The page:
The default "Home" or Desktop. Note that the third party apps aren't bundled, but you can download them from the Google Play store.
The task switcher isn't really optimised for a landscape view. You can sort of use it using the keyboard (there's a shortcut), but there's an extra keystroke needed to select each app.
Ledison allows you to program sequences of flashing LED lights. I could find a way to attach a sequence to an action like a Notification, though.
Microsoft Word works really well - and even accepts Ctrl-key combos.
I settled on Nova Launcher.
Not all third party launchers will cope with a Landscape mode. This is Microsoft's, and it's very confused.
The out-of-the-box instant verdict
Around the forums, I see that a few fans are already making their wishlists for better hardware for a version 2.0 Gemini, even though they haven't got version 1.0 yet. I hope Planet turns a deaf ear to them.
Personally, I think there's very little that needs to be changed about the hardware. Perhaps they could double the battery capacity to 8000mAh, as was originally envisaged. I'd certainly like tighter and heavier keys, but that's about it. It's a well-specced machine as it is, and the 10-core Mediatek processor doesn't struggle with every task.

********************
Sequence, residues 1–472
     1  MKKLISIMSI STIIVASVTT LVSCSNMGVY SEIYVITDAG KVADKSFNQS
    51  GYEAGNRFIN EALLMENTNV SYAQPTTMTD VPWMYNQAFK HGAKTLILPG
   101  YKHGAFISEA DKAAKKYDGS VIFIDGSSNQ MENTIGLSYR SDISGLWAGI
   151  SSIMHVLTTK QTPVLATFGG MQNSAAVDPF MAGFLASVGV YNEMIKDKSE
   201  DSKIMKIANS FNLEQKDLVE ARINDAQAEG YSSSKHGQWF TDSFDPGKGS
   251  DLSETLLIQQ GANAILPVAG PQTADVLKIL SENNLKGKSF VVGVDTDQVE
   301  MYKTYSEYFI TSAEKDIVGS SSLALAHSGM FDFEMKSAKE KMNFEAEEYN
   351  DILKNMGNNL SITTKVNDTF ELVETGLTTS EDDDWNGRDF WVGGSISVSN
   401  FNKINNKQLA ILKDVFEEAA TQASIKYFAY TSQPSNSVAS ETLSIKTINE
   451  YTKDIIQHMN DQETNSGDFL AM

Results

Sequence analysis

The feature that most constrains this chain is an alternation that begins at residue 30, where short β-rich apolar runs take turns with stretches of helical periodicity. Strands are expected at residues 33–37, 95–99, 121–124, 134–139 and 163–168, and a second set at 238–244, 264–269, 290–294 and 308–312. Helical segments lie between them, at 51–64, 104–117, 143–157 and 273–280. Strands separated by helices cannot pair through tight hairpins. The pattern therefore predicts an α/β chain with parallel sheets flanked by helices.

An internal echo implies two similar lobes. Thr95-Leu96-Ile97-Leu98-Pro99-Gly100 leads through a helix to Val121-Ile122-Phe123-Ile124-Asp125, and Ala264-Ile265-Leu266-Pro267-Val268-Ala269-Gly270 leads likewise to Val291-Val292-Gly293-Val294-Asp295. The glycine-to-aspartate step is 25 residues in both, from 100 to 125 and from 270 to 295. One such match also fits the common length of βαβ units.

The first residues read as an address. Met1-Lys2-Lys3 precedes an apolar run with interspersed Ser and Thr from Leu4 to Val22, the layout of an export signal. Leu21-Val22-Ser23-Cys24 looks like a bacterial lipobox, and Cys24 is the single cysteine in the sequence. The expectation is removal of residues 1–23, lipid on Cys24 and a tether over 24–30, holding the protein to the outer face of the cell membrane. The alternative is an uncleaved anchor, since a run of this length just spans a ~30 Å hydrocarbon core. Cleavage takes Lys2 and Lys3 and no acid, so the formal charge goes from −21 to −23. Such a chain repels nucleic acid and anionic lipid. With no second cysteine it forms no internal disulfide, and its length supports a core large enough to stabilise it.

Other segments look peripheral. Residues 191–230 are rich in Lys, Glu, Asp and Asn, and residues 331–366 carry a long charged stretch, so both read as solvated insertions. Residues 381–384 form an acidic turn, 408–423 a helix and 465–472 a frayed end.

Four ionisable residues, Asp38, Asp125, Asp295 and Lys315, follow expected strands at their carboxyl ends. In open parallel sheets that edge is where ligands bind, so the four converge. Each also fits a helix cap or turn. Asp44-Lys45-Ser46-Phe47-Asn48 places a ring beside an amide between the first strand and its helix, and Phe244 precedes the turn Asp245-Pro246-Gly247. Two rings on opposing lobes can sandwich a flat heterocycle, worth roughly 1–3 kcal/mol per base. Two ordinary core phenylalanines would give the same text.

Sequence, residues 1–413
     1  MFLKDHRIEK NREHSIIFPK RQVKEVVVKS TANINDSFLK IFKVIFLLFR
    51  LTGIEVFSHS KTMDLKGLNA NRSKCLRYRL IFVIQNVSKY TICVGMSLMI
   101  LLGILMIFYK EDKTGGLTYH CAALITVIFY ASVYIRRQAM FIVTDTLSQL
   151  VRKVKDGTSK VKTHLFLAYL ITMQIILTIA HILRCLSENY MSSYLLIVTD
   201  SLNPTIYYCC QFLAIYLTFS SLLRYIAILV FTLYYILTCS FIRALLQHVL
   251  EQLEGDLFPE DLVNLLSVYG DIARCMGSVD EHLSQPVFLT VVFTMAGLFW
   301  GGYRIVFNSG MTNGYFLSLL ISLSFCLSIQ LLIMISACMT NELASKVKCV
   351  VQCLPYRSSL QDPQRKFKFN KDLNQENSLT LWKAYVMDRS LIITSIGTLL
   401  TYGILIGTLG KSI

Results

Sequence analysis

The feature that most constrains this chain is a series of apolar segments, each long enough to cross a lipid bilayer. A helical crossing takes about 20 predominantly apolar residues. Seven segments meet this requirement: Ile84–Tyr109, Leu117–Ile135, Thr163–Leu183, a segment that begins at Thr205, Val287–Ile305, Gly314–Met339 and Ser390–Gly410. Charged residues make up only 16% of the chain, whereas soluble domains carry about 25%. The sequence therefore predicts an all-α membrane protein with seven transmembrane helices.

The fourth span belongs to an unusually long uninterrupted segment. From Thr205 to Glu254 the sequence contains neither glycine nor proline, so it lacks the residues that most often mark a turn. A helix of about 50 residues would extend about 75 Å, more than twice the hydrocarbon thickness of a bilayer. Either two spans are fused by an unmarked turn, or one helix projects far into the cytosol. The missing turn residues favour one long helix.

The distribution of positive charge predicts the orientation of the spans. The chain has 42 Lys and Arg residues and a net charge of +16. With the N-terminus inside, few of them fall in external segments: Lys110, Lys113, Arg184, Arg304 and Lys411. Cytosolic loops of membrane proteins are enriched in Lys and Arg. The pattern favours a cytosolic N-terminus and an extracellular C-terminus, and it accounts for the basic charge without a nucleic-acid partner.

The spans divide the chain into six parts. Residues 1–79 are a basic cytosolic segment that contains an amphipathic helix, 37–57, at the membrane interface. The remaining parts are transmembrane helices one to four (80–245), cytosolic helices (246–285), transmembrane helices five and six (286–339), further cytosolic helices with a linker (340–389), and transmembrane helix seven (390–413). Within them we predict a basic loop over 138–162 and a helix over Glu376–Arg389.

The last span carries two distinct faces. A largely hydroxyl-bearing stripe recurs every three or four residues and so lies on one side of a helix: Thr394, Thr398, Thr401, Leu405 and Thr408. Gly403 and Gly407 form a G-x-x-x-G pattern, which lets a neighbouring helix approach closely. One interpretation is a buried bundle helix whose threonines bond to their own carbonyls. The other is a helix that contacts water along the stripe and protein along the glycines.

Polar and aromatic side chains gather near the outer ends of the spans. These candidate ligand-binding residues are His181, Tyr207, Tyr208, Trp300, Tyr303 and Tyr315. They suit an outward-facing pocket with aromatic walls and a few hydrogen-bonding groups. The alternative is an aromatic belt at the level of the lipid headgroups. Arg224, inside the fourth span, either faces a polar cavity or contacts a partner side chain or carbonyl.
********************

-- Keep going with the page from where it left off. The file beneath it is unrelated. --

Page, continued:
But given its raw state, this v1.0 Gemini is really for enthusiasts and hobbyists – who are going to have a wild time with it. For a future Gemini, it's the fit and finish of the software integration – such as improving the unlock experience and providing tools for scribblers – that will see Gemini succeed or fail with the mass market.
Gemini doesn't need to replicate Evernote or OneNote, or specialist writer tools like Scrivener. But Planet can do small things to make these work better on Gemini. One example that springs to mind is improving the shell, or providing a better framework for sharing files. It should all be about getting text in and out of this thing.
Still, Gemini is shipping, and it's off to the races. ®